Bio filter calculator
We released this simple biofilter calculator over a year ago and since then we have modified it to make it simpler to understand and use. As with any biological modeling we have to make some assumptions based on historical data and these we have included in this version of the calculator. It now includes water temperature compensation which is especially important for cold water systems. This is not a commercial filter design but will be a good reference point.
I recommend you read through the following information on how this biofilter calculates the size of your filter and the bio media required, but for those that just want to get into it you can download it HERE.
This version is in metric (SI) for all calculations. We will update it to include imperial measures to save our international readers which use this system from converting the formulas to suit. Google has quite a good calculator for converting units and can be found here. This will help in the mean time while we convert it for you.
Fish Tank Volume
We have included some tank volume calculators of different shapes to help work out the volume of your fish tanks. The volume of the fish tanks is not entirely needed for calculating bio filter sizes however it is important to know what fish density you may be running the system at. This is more of a reference for your system design and will not impact on the filter size. Input only the volume of your fish tanks to the level which they will be filled. The volumes of pipes and sumps are not needed.
Number of Fish Tanks
Again not important for biofiltration calculations however it is important for working out your fish maximum density. If you have multiple tanks of various sizes, add the total volume of the various tanks and leave this cell as 1. This will make the fish density results incorrect. So we assume you have fish tanks of the same size.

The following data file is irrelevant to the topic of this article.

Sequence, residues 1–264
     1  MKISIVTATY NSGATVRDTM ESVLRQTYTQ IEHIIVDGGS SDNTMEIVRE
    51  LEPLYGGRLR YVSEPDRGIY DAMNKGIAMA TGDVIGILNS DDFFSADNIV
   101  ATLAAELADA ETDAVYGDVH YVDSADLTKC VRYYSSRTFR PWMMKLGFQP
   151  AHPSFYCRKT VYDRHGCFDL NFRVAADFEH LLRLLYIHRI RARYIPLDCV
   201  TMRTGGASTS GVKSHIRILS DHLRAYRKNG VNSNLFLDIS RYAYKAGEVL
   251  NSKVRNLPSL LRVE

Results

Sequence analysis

Number and Final Weight of Fish
The number and final weight of the fish you plan to grow is important to calculate the amount of fish feed you will be feeding each day for which bio filters are sized on. It will also adjust your fish density. The weight of the fish refers to the final weight of the fish when you plan to harvest them.
EG: if you plan to harvest your fish at 500 grams enter that number though you may want to design for 600 or 700 grams per fish unless you plan to harvest all of the fish at once. Keep in mind the fish will continue to grow past the 500 grams if you keep feeding them.
A note on the fish density. For none commercial growers aim for 25kg/m3. You can go slightly higher but the system will become more difficult to manage at densities higher than that.
Protein and Feed Rates (the important stuff)
The percentage of protein in feed plays a significant role in designing and sizing biofilters. The higher the protein, the more nitrogen is produced requiring more surface area, resulting in a larger biofilter. The total ammonia nitrogen produced by the fish is a very loose or soft number because protein assimilation by the fish varies with environmental and biological conditions resulting in variations in nitrogen excreted.
These variations, along with the biofilters performance in various configurations/design/types we have to make quite a few assumptions about the capacity of the filter. As follows:
- 80% of the feed is utilized by the fish. Some fish feed wastes are accounted for though does vary depending on feed type and management
- 20% of the protein utilized by the fish is excreted. Very much species and conditions dependant
- 100% of the excreted nitrogen is the total ammonia nitrogen